Three of every four Wisconsin business owners plan to pass their company on to family or sell to new owners in the next 10 years, according to a survey by the Exit Planning Institute (EPI). Yet almost half have done no planning at all for the transition.
It’s this disparity Martha Sullivan hopes to improve. Sullivan is leader and partner in the business transition strategies group of Honkamp Krueger & Co., P.C., located off Hwy. 19 south of Schumacher Farm.
“There’s a 50/50 chance a business owner will be able to control when they exit,” she said. Reasons out of their control causing them to leave the business early might include, for example, death, divorce, disability, or economic or market change.
“These are as likely to force a person to exit the business as making the decision themselves,” Sullivan said.
Sullivan spends a lot of time educating owners on what creates value in their business or risks that could make it unattractive to another owner.
For example, one of her clients wanted to turn the business over to his adult children. He also was open to selling for the right price. Sullivan did an analysis of the business, finding it would likely sell for significantly less than what the owner thought. She helped the owner increase the company’s value and worked with his children to understand risks of assuming ownership. Quarterly checkups helped gauge progress.
Her exit strategy work is one reason she co-founded and is president of the Wisconsin Chapter of EPI. Membership includes accountants, lawyers, wealth managers, investment bankers, private equity managers, and commercial bankers.
Sullivan grew up in east Madison. She received a bachelor’s degree in business administration from UW-Madison, then started her career in public and private accounting. Seven years later, she took and passed the exam to become a CPA (certified public accountant).
“I joke it was my smartest act of rebellion,” she said. “I was doing consulting for a large CPA firm. I got tired of being told, ‘You can’t do that; you’re not an accountant.’ It was career changing. Now I was one of the team and had the credentials. It certainly opened new doors for me.”
Almost 34 years ago, she married husband Eric, now retired from a marketing career. They have two adult children and one cat.
They moved to Waunakee’s Castle Creek neighborhood 26 years ago because of location.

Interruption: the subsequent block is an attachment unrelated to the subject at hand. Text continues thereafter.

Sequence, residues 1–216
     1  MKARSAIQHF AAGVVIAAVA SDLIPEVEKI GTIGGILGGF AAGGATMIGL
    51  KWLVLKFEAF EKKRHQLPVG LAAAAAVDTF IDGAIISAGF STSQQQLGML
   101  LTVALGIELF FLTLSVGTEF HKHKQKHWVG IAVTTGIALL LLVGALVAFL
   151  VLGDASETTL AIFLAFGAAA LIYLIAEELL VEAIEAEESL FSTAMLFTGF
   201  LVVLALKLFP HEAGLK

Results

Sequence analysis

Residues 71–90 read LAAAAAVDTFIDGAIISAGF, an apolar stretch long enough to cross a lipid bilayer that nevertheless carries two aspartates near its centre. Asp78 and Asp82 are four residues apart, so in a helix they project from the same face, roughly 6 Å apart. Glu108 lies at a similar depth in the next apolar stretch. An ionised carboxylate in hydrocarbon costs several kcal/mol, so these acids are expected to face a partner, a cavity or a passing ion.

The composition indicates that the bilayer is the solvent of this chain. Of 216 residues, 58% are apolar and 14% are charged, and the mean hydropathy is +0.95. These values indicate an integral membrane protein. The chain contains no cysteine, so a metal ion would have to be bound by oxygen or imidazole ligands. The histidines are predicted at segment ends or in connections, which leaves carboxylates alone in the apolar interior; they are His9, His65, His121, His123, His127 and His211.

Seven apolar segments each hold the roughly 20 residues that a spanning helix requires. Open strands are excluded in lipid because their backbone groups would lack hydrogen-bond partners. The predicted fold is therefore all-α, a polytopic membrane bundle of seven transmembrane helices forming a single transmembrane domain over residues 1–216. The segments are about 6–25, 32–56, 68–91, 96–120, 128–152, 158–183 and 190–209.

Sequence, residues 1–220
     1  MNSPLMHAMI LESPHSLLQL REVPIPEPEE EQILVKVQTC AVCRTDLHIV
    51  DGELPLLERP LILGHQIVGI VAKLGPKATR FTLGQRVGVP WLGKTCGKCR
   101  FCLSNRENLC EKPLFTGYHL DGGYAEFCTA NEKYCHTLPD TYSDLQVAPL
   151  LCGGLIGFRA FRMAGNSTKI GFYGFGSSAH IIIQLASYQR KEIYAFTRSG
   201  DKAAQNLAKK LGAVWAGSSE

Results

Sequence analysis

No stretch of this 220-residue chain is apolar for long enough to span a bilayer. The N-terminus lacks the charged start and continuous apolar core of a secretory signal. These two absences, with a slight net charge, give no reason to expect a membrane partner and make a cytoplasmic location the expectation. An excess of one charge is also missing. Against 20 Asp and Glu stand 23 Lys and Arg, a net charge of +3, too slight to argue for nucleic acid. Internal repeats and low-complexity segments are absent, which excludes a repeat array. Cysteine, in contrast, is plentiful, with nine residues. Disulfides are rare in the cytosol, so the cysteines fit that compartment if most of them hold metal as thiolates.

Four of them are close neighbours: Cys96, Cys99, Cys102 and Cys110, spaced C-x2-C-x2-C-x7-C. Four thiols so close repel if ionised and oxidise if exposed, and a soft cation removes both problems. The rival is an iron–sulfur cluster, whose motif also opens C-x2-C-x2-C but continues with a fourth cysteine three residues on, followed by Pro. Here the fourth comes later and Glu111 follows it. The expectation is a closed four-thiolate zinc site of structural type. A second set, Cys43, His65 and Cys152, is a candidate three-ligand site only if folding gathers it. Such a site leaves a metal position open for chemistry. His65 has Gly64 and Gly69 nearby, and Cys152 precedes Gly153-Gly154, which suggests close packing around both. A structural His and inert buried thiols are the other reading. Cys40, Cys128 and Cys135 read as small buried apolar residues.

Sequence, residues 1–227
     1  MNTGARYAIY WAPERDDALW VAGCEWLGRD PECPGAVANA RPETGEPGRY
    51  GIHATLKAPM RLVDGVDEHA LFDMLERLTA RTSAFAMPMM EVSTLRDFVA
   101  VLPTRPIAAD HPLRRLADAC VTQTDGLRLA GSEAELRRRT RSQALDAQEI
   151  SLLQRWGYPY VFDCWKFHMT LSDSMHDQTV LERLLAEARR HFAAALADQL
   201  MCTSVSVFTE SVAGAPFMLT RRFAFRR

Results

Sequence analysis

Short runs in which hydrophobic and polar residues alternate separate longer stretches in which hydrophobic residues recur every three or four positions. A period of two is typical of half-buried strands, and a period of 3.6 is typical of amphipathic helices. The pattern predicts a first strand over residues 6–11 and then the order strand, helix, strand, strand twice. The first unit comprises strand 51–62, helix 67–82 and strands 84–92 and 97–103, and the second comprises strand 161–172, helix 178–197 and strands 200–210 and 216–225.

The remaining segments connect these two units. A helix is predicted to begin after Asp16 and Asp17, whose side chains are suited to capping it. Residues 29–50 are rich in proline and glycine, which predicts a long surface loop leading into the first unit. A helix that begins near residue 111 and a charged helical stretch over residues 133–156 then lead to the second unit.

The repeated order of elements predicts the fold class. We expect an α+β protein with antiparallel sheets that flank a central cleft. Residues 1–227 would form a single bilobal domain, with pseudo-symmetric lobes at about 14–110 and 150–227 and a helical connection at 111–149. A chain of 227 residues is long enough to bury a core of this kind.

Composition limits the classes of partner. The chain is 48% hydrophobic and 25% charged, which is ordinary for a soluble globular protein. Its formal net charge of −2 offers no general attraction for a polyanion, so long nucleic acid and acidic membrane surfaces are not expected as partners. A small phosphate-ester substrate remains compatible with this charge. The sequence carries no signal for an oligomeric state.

“We really liked the street where good friends had bought a lot,” Sullivan said. “Plus, we were 10 minutes from where Mom and Dad lived. We were 15 minutes from either side of Madison—I’ve worked on both sides during my career.”
An ongoing passion of Sullivan’s is serving as a volunteer board member of the South-Central Wisconsin chapter of the Alzheimer’s Association for the past 3 ½ years, and now for the Wisconsin statewide board.
“My husband’s and my families both involved a parent caring for a spouse with Alzheimer’s. Plus, a close friend was diagnosed with dementia. It’s heartbreaking to watch people not accustomed to being caretakers suddenly forced into that role and, worse yet, watching the disease rob people of who they used to be. We need to do what we can to find a cure and educate people about the resources out there,” she said.
Sullivan also proudly recalls her work on the Executive Committee of A Fund for Women, which makes grants to area nonprofits to help women and girls reach full potential. One project involved collecting stories from 60 women on what is was like to come of age and publishing them in a book entitled What She Said.
When not working and volunteering, Sullivan enjoys reading, being outdoors and creating quilts. Also an avid fitness buff, she says she now is “in the best shape of her life.”
“I’ve never been an athletic person. A couple years ago on a business trip I struggled to put luggage in the overhead bin. I thought, ‘You’re too young for such poor upper body strength.’” She committed to regular exercise, and “it has made a world of difference,” she said.